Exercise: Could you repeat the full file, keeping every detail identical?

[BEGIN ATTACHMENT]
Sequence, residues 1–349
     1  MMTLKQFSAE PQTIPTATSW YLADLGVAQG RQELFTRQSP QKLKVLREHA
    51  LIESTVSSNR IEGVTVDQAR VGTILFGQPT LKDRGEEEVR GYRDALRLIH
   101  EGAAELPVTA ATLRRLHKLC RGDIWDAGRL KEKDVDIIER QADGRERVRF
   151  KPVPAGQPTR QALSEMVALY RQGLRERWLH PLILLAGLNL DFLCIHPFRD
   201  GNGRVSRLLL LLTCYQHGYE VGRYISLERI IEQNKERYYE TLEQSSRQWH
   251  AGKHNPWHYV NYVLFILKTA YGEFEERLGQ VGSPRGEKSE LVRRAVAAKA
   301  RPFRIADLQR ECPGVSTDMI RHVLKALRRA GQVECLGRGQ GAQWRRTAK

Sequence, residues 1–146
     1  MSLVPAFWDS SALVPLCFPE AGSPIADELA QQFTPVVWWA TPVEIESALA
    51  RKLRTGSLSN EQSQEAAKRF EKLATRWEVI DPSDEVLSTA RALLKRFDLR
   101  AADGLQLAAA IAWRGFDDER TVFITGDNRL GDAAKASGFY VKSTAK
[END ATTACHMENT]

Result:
Sequence, residues 1–349
     1  MMTLKQFSAE PQTIPTATSW YLADLGVAQG RQELFTRQSP QKLKVLREHA
    51  LIESTVSSNR IEGVTVDQAR VGTILFGQPT LKDRGEEEVR GYRDALRLIH
   101  EGAAELPVTA ATLRRLHKLC RGDIWDAGRL KEKDVDIIER QADGRERVRF
   151  KPVPAGQPTR QALSEMVALY RQGLRERWLH PLILLAGLNL DFLCIHPFRD
   201  GNGRVSRLLL LLTCYQHGYE VGRYISLERI IEQNKERYYE TLEQSSRQWH
   251  AGKHNPWHYV NYVLFILKTA YGEFEERLGQ VGSPRGEKSE LVRRAVAAKA
   301  RPFRIADLQR ECPGVSTDMI RHVLKALRRA GQVECLGRGQ GAQWRRTAK

Sequence, residues 1–146
     1  MSLVPAFWDS SALVPLCFPE AGSPIADELA QQFTPVVWWA TPVEIESALA
    51  RKLRTGSLSN EQSQEAAKRF EKLATRWEVI DPSDEVLSTA RALLKRFDLR
   101  AADGLQLAAA IAWRGFDDER TVFITGDNRL GDAAKASGFY VKSTAK